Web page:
Sociology 100 Midterm 2 - CH 10 Crime & Deviance

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High- consensus deviance Behaviours or characteristics that are widely accepted as being deviant and in need of social control.
Low- consensus deviance Behaviours and characteristics about which there is considerable disagreement over whether they are deviant or not.
Social control Actions that are intended to punish, “ fix,” or prevent deviant behaviour.
    • Formal – Institutionalized authorities
    • Informal – Get a tattoo here or there
    • Retroactive - Rehabilitation
    • Preventative – Education
Criminologists Researchers who specialize in the study of crime, which is a specific form of deviant behaviour.
Criminology The academic discipline that focuses on the study of crime and those labelled as criminals, and is considered to be either a subdiscipline within sociology or a discipline related to sociology.
Crime A specific form of deviance that involves the violation of criminal law.

Crime Control Through Punishment
  • Punishment as ...
    • Retribution
    • Deterrence
      • People are rational decision makers and act to avoid punishment
      • Punishment must be prompt, severe, & certain
  • Punishment to...
    • Protect society
    • Rehabilitate
Summary conviction offences Less serious criminal offences that are punishable by a maximum of two years in prison and/ or a $ 2,000 fine.
Indictable conviction offences More serious criminal offences punishable by more than two years in prison.
Violent crimes Criminal offences that involve physical harm to another person.
Property crimes Criminal offences that are directed at someone’s property, rather than at someone’s physical person.
Victimless crimes Criminal offences that involve consensual relations in the exchange of illegal goods or services.
White- collar crime Criminal offences involving the misappropriation of financial resources.
Corporate crime Criminal offences carried out by organizations or by knowledgeable employees in the course of their employment.
Organized crime Two or more persons consorting together on a continual basis to participate in illegal activities, either directly or indirectly, for gain.
Internet crime Criminal offences that take place online.
Criminal justice system The social institution responsible for the apprehension, prosecution, and punishment of criminal offenders.
Retribution A morally justified consequence.
Abolitionism A movement calling for the dismantling of the criminal justice system.
  • Many criminologists advocate for restorative justice
    • Repair harm and rebuild relationships
Restorative justice An approach to justice emphasizing healing and reparation of harm.
Institutionalized goals The goals that we are supposed to aspire to in contemporary society.
Legitimate means The socially accepted ways of attaining wealth, power, and prestige.
Techniques The skills needed to engage in either deviant or conforming behaviour.
Motives The reasons for engaging in either deviant or conforming behaviour.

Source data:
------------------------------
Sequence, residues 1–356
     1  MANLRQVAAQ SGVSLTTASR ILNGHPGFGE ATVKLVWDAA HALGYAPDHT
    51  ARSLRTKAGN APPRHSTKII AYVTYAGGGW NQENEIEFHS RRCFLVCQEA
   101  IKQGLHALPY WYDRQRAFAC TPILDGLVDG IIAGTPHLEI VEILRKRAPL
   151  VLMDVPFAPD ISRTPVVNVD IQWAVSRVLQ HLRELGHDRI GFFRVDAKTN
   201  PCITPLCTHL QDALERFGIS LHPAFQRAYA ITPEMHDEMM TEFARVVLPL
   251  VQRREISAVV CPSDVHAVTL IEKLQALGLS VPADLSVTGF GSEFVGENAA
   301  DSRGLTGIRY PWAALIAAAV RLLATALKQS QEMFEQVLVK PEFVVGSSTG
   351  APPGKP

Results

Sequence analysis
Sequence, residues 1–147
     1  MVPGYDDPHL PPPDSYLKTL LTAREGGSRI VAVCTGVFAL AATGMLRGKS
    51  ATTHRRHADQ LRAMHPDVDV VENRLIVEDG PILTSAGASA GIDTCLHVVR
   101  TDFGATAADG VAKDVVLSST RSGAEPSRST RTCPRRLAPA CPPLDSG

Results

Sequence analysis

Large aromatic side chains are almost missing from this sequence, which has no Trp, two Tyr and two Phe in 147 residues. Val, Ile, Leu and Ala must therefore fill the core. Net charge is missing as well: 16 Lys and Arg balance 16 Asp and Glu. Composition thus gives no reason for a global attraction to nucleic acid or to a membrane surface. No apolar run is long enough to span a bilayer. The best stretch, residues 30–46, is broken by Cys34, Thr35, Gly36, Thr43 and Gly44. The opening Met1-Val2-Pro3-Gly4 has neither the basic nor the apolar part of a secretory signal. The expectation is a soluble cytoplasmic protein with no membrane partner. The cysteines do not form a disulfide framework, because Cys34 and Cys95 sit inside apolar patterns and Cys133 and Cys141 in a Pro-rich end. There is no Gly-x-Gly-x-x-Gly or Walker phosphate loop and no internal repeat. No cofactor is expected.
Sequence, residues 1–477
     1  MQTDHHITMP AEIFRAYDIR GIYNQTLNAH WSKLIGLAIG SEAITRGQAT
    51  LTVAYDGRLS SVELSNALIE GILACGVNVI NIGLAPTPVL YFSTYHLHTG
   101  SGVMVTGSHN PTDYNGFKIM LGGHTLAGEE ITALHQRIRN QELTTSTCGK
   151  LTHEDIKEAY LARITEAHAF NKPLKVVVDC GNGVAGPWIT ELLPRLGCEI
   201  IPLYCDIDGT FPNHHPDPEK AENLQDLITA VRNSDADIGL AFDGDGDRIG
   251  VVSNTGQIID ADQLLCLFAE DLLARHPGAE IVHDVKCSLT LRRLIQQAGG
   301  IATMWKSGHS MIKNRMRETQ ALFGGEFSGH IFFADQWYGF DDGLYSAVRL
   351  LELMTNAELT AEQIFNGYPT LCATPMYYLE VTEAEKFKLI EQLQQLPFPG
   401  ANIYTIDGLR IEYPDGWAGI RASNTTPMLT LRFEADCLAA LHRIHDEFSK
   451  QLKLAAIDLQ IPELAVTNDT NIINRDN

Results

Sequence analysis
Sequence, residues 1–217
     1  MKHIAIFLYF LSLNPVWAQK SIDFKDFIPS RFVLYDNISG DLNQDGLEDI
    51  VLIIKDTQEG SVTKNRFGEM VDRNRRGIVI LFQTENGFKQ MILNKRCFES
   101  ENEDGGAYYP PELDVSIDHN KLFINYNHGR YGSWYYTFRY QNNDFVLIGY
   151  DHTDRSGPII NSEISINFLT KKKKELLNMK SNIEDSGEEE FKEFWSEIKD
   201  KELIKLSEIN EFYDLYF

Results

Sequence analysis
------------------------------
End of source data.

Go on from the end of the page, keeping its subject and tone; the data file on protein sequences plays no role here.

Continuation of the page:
Techniques of neutralization Rationalizations that allow us to justify our behaviour to others and to ourselves.
Primary deviance The little acts of deviance that many of us engage in occasionally.
Secondary deviance Chronic deviance as a lifestyle.
Stigmatization The process by which individuals are excluded because of particular behaviours/ characteristics.
Self- surveillance Monitoring our own behaviours in order to prevent being considered deviant.
Deviance
  • Deviance is socially constructed
    • an act becomes deviant when it is defined as such, and relative to societies norms / interests of power
NO BEHAVIOUR IS INHERENTLY WRONG. IT CAN'T BE UNLESS SOCIETY DEEMS IT SO.
  • Something is deviant “... if enough important people say so...”
  • High consensus deviance vs. Low consensus deviance
Functionalist beliefs of cause and solutions to deviance
  • Many criminologists advocate for restorative justice
    • Repair harm and rebuild relationships

  • Innovation – accepts goals, pursues illegitimate means
  • Retreatism – rejects both, withdraws
  • Rebellion – rejects both, seeks alternative lifestyles
Structural solutions to Crime
  • Affordable housing strategies
  • Initiatives ending homelessness
  • Anti-discrimination policies
Conflict theories views about Deviance
  • The powerful in society are able to define their own behaviours as normal, therefore defining others as deviant.
    • Example: By enacting laws that protect the interests if the affluent & powerful
Feminist theory views about Deviance
  • Standards for deviance are gendered. Women = drugs & Men = Jail
  • Experiences if social control are gendered
  • Single parent family
    • Primarily single moms that are poor.
      • Some women turn to theft of fraud in order to provide for their children and are charged as criminals
      • Feminist criminologists argue this is a gendered issue and is a consequence of gendered norms
The Post Modernist Theory views about deviance The disciplinary society Panopticon – Metaphor to how society controls us. Observe them and create the conditions that they can be observe, monitor and surveilled. Convincing people that it is the right way to behave in society. Policing society this way. (Facebook, cameras in London)
  • Foucault...
  • Metaphor for understanding how society socializes / coerces people
  • Reveals how power operates in society